Inspired by DogLover's "Sexual awakening in the female Gothic" and Rhaenys Balerion's essay on Drogo and Dany. Both absolutely excellent reading.

On Sansa's future - Can we make any educated guesses based on other similar character arcs?

There has been a lot of speculation on what Sansa's future is going to be like, with theories thrown back and forth and nothing seems certain.

What has been made quite clear from the "Pawn to Player" threads and the other re-read threads is that the character arcs often parallel each other and they can work as mirrors of eachother. We've seen it with Dany and Jon, for instance, but also with Arya and Sansa, Sansa and Brienne, Sandor and Jaime etc. Dany and Jon have embarked on long journeys from inexperienced and untested through hardship into roles of huge responsibility. Arya and Sansa have gone from sheltered, somewhat spoilt and very much beloved children of a powerful lord and lady through beatings, war and despair into hiding.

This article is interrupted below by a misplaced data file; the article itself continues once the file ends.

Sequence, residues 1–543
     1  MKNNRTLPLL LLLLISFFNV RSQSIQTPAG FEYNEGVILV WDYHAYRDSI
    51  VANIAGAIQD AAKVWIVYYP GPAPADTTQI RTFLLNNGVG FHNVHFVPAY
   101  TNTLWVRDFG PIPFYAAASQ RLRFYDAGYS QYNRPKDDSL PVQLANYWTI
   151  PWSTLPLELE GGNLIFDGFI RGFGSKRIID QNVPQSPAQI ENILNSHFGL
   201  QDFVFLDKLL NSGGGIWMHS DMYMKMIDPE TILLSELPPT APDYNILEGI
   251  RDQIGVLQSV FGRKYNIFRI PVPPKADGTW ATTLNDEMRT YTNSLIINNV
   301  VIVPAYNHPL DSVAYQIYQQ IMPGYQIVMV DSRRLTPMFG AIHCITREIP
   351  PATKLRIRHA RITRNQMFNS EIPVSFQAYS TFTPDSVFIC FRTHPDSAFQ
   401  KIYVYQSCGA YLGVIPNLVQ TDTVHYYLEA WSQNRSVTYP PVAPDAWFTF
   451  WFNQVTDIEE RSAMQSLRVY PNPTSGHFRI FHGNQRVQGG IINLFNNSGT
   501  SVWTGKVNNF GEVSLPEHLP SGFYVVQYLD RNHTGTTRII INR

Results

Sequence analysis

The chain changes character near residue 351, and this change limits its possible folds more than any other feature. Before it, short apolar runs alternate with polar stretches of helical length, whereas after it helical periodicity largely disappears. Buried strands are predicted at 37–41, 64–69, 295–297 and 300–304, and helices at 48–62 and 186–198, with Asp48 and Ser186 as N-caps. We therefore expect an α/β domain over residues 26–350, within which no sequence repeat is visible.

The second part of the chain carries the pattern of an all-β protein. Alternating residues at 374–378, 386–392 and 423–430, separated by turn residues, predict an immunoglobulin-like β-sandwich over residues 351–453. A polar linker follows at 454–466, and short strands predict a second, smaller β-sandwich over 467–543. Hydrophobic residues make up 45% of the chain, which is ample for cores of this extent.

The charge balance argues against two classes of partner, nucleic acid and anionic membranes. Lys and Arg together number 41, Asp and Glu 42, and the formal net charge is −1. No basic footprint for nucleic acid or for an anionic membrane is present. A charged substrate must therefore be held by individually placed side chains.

Can we use some of the parallels we have uncovered in these other character arcs to project any sort of development for Sansa? I do believe there are a couple of clues lying around, and one of them may lie in Dany's story arc.

Dany goes from scared little girl to empowered khaleesi

Dany starts AGOT under Viserys' thumb and he makes her marry Khal Drogo. I will leave further commentary on whether Dany's and Drogo's relationship is problematic out of this, as it is a topic for another thread (and has been the topic of many threads in the past), but from how Dany acts in the latter parts of her relationship with Drogo, we can be sure that Dany did love him and would describe their relationship as a happy one.